US congresswoman welcomes passage of George Floyd Justice in Policing ActSaturday, March 06, 2021
WASHINGTON, United States (CMC) — Caribbean American Democratic Congresswoman Yvette Clarke has welcomed the passage of the George Floyd Justice in Policing Act in the United States House of Representatives.
“This bold, transformative legislation will reimagine the culture of policing in America with unprecedented reforms to curb police brutality, end racial profiling, eliminate qualified immunity for law enforcement, and build greater trust between law enforcement and our communities,” Clarke, the daughter of Jamaican immigrants, told the Caribbean Media Corporation (CMC) on Friday about HR 1280, or the George Floyd Justice in Policing Act.
“The murder of George Floyd was not just an inflection point; it was a tipping point,” added the congresswoman, who represents the predominantly Caribbean 9th Congressional District in Brooklyn, New York. “It brought into focus a truth about policing and our broken legal system: Black and Brown Americans have endured generations of state sanctioned systemic racism, racial profiling and police brutality.
“As New Yorkers, we are all too familiar with this most fundamental and painful truth, we have all witnessed how our country has turned a blind eye to law enforcement officers who have intimidated, abused, tortured and killed unarmed Black and Brown people,” Clarke continued. “The global, multi-racial, multi-ethnic and inter-generational outrage, coupled with the activism of the Black Lives Matter movement, has moved us all to action in the wake of the killing of George Floyd.”
“Last summer, George Floyd, an unarmed Black man, begged for his life. His final words were ‘I can’t breathe,” the congresswoman said. “Despite his desperation, Derek Chauvin (white police officer) stared at us with his hand in his pocket and his knee cutting off George Floyd airways, believed that he could get away with this evil deed, and there was no price to be paid for taking a Black man’s life, that he would face neither criminal penalty nor civil liability.”
Clarke said “this brazen act changed the course of history” in America, stating that the George Floyd Justice in Policing Act holds the legal system and police accountable “at a time when transparency and liability are lacking”.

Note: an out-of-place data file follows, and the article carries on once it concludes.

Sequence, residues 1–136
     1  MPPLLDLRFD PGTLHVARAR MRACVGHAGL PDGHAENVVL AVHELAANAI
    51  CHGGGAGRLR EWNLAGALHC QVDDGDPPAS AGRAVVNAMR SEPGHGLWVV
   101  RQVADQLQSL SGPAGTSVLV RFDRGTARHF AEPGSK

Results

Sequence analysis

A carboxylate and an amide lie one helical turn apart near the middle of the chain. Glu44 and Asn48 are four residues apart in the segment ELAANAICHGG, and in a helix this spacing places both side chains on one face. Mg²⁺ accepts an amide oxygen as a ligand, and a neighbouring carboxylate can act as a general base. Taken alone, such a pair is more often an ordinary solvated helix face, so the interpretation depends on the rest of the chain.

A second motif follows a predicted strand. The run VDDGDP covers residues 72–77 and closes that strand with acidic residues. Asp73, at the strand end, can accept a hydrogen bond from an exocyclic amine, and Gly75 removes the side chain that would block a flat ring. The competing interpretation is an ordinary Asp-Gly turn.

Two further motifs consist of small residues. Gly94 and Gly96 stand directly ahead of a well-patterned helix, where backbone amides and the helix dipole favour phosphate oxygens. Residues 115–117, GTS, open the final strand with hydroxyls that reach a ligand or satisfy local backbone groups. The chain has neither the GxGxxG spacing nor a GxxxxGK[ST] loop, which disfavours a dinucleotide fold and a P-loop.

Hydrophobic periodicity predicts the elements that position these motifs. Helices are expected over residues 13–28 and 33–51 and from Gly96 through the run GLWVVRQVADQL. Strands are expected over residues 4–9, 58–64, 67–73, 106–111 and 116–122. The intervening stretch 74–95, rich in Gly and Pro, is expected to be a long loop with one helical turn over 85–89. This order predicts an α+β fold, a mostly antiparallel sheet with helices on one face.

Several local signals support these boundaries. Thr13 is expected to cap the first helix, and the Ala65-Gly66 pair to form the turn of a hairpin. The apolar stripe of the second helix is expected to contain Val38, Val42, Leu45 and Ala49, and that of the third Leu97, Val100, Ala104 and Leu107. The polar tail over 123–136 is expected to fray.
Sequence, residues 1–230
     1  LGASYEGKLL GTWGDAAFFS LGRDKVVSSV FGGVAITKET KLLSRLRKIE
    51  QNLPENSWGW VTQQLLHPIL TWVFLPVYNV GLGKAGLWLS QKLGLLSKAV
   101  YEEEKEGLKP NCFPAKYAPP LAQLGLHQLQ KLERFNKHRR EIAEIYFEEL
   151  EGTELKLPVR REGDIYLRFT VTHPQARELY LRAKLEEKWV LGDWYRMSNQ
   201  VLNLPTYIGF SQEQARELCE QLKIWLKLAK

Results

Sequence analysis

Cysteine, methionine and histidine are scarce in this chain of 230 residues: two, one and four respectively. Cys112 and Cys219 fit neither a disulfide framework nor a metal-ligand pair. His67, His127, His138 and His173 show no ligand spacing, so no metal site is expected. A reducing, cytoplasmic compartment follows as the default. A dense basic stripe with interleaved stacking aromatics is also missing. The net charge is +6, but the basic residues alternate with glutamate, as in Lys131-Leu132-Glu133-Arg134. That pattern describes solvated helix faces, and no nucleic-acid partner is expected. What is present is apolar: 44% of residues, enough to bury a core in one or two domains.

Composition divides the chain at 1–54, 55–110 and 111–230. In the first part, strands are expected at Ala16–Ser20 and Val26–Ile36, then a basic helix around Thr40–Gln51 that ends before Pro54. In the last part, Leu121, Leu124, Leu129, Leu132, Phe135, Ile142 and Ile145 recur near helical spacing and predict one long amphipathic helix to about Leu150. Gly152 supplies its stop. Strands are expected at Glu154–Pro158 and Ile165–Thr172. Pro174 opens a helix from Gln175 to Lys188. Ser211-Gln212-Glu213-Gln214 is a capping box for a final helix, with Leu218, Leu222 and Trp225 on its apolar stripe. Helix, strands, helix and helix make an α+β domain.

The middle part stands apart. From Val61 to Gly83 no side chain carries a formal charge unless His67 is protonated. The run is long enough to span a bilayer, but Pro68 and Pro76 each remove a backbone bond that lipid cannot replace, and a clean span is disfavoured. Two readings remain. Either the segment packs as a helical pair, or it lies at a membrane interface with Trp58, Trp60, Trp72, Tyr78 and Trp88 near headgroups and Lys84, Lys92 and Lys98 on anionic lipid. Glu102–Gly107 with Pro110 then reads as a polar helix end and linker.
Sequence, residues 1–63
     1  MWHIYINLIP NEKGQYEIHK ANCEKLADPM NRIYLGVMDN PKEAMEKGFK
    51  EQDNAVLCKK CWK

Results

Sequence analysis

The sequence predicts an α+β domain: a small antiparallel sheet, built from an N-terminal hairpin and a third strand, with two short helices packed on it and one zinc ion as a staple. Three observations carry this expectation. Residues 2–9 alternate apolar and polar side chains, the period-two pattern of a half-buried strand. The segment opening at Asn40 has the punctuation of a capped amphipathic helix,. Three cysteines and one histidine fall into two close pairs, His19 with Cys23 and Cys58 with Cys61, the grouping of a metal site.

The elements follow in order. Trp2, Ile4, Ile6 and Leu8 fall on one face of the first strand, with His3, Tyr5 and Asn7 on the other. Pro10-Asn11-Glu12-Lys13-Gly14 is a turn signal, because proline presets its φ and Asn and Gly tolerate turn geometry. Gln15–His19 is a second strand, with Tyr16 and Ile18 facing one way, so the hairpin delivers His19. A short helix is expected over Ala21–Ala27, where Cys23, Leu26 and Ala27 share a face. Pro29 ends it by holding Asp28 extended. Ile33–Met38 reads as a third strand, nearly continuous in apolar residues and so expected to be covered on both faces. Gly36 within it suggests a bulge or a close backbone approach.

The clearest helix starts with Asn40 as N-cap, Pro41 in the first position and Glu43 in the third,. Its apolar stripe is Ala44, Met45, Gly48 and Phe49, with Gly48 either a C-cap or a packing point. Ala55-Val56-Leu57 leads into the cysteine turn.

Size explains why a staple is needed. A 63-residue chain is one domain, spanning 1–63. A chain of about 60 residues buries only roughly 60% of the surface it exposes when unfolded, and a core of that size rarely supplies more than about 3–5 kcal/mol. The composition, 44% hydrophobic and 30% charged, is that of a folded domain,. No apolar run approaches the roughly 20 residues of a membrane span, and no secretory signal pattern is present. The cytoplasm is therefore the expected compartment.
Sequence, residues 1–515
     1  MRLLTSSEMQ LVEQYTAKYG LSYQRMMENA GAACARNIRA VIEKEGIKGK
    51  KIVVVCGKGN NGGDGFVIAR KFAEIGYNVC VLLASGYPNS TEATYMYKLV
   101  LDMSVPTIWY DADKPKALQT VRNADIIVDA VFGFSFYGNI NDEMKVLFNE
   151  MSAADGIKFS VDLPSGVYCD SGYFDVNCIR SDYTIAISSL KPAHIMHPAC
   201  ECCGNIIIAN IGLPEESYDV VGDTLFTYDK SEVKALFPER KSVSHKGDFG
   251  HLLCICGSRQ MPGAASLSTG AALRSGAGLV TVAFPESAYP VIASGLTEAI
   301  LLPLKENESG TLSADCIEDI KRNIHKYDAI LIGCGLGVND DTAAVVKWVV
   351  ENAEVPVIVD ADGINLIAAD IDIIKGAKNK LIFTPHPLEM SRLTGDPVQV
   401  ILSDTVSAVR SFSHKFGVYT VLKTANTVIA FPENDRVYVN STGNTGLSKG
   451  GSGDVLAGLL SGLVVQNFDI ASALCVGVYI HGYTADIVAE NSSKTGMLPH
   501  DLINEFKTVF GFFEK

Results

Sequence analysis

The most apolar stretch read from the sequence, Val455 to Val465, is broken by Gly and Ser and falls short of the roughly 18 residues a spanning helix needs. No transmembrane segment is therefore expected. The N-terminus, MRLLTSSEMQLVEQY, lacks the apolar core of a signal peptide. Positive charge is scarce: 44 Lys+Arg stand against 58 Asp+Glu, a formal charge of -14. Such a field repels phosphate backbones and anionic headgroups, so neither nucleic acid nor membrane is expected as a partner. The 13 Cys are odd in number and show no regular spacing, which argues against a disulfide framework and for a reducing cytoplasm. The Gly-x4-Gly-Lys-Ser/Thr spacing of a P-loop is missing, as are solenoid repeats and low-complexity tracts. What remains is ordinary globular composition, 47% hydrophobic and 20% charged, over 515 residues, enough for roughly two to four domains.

“We’ve witnessed far too many deaths at the hands of law enforcement with little to no recourse,” she said. “This bill must pass. We cannot abide the murder of Black lives any longer. Full stop.”
Clarke said the Act will take “numerous key steps to achieve transformative, structural change to combat the pattern of police brutality and racial injustice”, including banning all chokeholds; banning no-knock warrants in drug cases; ending racial, religious, and discriminatory profiling; eliminating the qualified immunity doctrine that is a barrier to holding police officers accountable for wrongful conduct; and establishing a National Police Misconduct Registry to improve transparency and prevent problematic officers who are fired or leave one agency from moving to another jurisdiction without any accountability.
“George Floyd, Sandra Bland, Rayshard Brooks, Daniel Prude, Atatianna Jefferson, Freddie Gray, Eric Garner, Stephon Clark, Botham Jean, Philando Castille, Alton Sterling, Andre Hill, Casey Goodson, Jr, Tamir Rice, Michael Brown, and Breonna Taylor. We speak your names to honour this action,” Clarke said.
“Your lives, like so many other Black and Brown people who proceeded you, mattered,” she added. “Black Lives still, and always will, matter.
“I remain committed to taking action that will eradicate racially motivated police brutality and the extrajudicial execution of Black and Brown people,” the congresswoman continued. “I will not stop until the George Floyd Justice in Policing Act becomes law.”
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